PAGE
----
When “The Merchant of Venice” opens at Shakespeare Theatre Company this week, three names will appear in large print on the program: William Shakespeare, Arin Arbus, and John Douglas Thompson. You know Shakespeare. Less known to D.C. audiences may be the work of Arbus, the show’s Obie Award-winning director, and Thompson, the acclaimed actor who is playing Shylock.
These names have become a holy trinity of classical theater in Brooklyn, where Arbus and Thompson have collaborated on numerous plays at the Theatre for a New Audience, which creates contemporary productions of classical plays to appeal to diverse audiences.
Now Arbus and Thompson are bringing Shakespeare, and Shylock, his most contentious villain, to D.C.’s Shakespeare Theatre Company.
Arbus is aware that “Merchant” is the ultimate hot potato of Shakespeare plays, maligned for its portrayal of Jewish characters which modern audiences find to be profoundly antisemitic. (The last time that “Merchant” had a major D.C. production, the Washington Post ran an op-ed calling for a moratorium on productions of the play.) But Arbus, who spoke to District Fray via Zoom from her sunny New York apartment last month, does not see it that way at all.
“My sympathy is completely with Shylock in this play,” she says, referring to the character of the Jewish moneylender who demands a “pound of flesh” from Antonio, an antisemitic merchant who can’t repay a loan. “That is where my heart is and that is the only real love in the play. I completely understand why certain people don’t want to see this play because it is Shakespeare’s ugliest play. There is so much hate in it and everyone behaves horrendously to each other. But I think that anyone who sees this production will find it heartbreaking the way that Shylock is treated by the Christians.”
In preparing for the play, Arbus and Thompson consulted with several scholars who study Shakespeare, race and religion.
“I feel very strongly that Shakespeare was doing something radical in his time which is that he was writing for a deeply antisemitic audience. He is playing with Jewish stereotypes from the day. He makes the audience complicit in the downfall of a character, then he twists it so the audience is outraged by their own behavior.”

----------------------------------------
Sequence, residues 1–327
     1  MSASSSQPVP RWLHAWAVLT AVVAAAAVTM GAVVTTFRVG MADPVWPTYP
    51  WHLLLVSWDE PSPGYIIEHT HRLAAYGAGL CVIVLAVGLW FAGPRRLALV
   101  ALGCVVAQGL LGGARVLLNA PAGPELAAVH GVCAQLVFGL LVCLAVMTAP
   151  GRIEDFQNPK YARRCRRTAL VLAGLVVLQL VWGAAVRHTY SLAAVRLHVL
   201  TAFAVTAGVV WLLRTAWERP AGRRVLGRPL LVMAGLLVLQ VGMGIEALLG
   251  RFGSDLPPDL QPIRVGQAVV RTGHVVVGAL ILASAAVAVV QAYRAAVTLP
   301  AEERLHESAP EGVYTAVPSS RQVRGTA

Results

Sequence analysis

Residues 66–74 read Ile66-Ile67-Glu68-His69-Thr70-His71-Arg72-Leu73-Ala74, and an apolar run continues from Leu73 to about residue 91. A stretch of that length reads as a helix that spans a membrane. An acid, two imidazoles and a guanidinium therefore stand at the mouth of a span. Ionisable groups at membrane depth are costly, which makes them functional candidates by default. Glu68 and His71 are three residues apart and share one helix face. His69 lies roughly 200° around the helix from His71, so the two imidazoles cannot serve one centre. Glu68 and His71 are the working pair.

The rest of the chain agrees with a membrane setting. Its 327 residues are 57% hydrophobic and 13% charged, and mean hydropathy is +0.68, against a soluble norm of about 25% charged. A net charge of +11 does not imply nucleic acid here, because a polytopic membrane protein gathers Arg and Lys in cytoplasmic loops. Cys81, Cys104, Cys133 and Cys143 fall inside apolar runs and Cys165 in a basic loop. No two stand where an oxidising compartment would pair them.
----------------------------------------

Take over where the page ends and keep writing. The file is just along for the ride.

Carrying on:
The fact that Thompson is one of the first Black actors to play Shylock opened up space for Arbus to explore “Merchant” in a contemporary context. She did so by setting the play in New York, featuring a diverse cast in modern dress.
“There are a lot of similarities between Shakespeare’s Venice and modern New York in that both are multicultural capitalist economies,” Arbus says. “For me, the play is an indictment of capitalism and the structures that preserve power in the hands of certain groups and exclude other groups. That all felt very familiar and personal and very much of this moment in America.”
Arbus and Thompson first collaborated in 2009 on Theatre for a New Audience’s “Othello,” the very first play that Arbus directed professionally. At that time, Thompson was already an established performer who had worked with a variety of acclaimed directors.
“I remember it was very difficult to convince him to do “Othello” with me,” Arbus says. “We had a lot of meetings about whether or not it would be worth it for him. Then as soon as we got into rehearsal it was just a dream collaboration.”
Because of their long and close relationship, Arbus relishes this chance to bring “Merchant” to life with Thompson. “I have so much respect for him. He is a wonderful leader of a company and an incredible interpreter of Shakespeare and any material.”
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